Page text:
encountered different hardlinks for the same file.

       The --strictsuffix option can behave in unexpected ways if one file has several hardlinks,
       some of which have the suffix and some of which don't. In this case,  the  inode  will  be
       encrypted/decrypted,  but  the  suffix will be changed only for those filenames that allow
       it. Similarly, if a file cannot be renamed because  a  file  of  the  given  name  already
       exists, the file may still be encrypted/decrypted if it has another hardlink.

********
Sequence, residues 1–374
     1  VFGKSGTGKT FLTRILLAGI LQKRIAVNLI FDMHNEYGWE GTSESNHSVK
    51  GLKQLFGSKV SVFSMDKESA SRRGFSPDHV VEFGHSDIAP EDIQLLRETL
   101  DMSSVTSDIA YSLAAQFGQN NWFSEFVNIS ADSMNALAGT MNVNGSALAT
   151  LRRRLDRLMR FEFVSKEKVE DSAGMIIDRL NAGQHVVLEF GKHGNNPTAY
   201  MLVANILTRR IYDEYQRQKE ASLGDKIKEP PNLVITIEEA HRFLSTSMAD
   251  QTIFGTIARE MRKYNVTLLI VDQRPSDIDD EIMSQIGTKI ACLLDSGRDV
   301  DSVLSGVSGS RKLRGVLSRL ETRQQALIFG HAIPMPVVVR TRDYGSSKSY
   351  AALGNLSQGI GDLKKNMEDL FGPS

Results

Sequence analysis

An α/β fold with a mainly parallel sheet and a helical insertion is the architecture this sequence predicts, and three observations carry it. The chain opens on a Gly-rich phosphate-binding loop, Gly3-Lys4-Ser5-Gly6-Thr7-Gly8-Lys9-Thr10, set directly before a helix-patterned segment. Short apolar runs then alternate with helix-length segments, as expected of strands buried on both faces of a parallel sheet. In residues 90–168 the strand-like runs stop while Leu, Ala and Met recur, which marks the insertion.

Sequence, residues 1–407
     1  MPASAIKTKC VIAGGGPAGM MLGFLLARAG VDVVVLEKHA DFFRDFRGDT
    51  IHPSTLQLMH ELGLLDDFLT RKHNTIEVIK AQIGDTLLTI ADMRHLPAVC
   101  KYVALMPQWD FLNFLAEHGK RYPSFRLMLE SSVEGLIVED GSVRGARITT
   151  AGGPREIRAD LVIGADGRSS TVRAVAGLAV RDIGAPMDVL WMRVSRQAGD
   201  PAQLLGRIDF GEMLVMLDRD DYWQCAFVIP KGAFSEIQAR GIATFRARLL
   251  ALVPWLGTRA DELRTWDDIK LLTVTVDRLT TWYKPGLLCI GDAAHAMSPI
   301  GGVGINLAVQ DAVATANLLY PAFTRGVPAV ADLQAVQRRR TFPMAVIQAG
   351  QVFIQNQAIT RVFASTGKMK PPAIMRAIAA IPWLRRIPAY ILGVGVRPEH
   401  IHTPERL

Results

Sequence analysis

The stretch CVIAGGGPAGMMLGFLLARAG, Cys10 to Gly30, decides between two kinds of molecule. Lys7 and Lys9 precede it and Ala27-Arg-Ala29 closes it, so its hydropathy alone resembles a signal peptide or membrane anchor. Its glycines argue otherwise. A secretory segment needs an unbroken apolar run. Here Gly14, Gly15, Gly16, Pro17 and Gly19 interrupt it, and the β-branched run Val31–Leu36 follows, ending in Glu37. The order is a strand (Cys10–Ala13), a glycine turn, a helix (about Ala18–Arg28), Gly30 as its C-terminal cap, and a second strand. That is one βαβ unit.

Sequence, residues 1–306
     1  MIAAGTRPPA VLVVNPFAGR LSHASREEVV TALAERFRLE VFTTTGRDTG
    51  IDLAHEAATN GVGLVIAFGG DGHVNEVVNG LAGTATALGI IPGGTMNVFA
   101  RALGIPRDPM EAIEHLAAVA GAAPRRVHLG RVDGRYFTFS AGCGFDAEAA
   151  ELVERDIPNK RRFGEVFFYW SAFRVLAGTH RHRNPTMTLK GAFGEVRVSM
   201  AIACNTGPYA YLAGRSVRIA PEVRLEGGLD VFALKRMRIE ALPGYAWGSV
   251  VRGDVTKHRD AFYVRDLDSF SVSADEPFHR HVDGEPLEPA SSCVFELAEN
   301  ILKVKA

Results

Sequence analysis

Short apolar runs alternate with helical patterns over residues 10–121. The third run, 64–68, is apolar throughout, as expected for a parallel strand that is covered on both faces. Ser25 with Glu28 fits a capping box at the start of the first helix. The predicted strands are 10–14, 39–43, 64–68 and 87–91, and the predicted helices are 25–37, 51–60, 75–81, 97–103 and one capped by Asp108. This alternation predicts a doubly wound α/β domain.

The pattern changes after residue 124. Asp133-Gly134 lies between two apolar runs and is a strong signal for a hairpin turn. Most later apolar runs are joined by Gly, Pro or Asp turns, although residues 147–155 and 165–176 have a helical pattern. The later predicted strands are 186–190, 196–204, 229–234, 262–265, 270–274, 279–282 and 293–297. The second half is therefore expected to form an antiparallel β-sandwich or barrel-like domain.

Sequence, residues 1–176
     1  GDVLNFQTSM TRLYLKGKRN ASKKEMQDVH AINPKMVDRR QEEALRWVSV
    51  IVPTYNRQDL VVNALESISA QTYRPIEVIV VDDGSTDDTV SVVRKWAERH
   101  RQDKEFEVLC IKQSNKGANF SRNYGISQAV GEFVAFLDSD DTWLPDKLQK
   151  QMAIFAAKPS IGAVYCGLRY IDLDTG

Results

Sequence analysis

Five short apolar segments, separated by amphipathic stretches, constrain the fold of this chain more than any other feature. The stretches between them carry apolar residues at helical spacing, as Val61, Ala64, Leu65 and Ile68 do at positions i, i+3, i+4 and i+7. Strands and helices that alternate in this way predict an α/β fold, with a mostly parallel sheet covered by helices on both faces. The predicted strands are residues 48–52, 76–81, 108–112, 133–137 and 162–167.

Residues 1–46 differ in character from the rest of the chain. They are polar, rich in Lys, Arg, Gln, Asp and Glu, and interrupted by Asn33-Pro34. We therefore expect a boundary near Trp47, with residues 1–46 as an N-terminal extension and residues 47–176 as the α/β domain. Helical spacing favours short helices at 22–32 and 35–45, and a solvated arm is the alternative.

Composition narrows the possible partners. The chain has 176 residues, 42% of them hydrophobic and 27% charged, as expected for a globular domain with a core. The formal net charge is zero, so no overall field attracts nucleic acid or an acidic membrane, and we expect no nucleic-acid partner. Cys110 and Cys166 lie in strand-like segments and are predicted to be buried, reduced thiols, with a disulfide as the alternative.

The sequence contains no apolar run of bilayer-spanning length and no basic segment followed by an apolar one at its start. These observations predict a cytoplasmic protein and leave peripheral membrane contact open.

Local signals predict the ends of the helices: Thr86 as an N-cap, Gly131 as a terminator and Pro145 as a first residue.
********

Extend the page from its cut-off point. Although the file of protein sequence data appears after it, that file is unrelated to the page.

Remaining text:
Peter Selinger <selinger at>


       Copyright (C) 2000-2018 Peter Selinger

       This program is free software; you can redistribute it and/or modify it under the terms of
       the GNU General Public License as  published  by  the  Free  Software  Foundation;  either
       version 2 of the License, or (at your option) any later version.

       This  program is distributed in the hope that it will be useful, but WITHOUT ANY WARRANTY;
       without even the implied warranty of MERCHANTABILITY or FITNESS FOR A PARTICULAR  PURPOSE.
       See the GNU General Public License for more details.

       You should have received a copy of the GNU General Public License along with this program;
       if not, write to the Free Software Foundation, Inc.,  51  Franklin  Street,  Fifth  Floor,
       Boston, MA 02110-1301, USA.  See also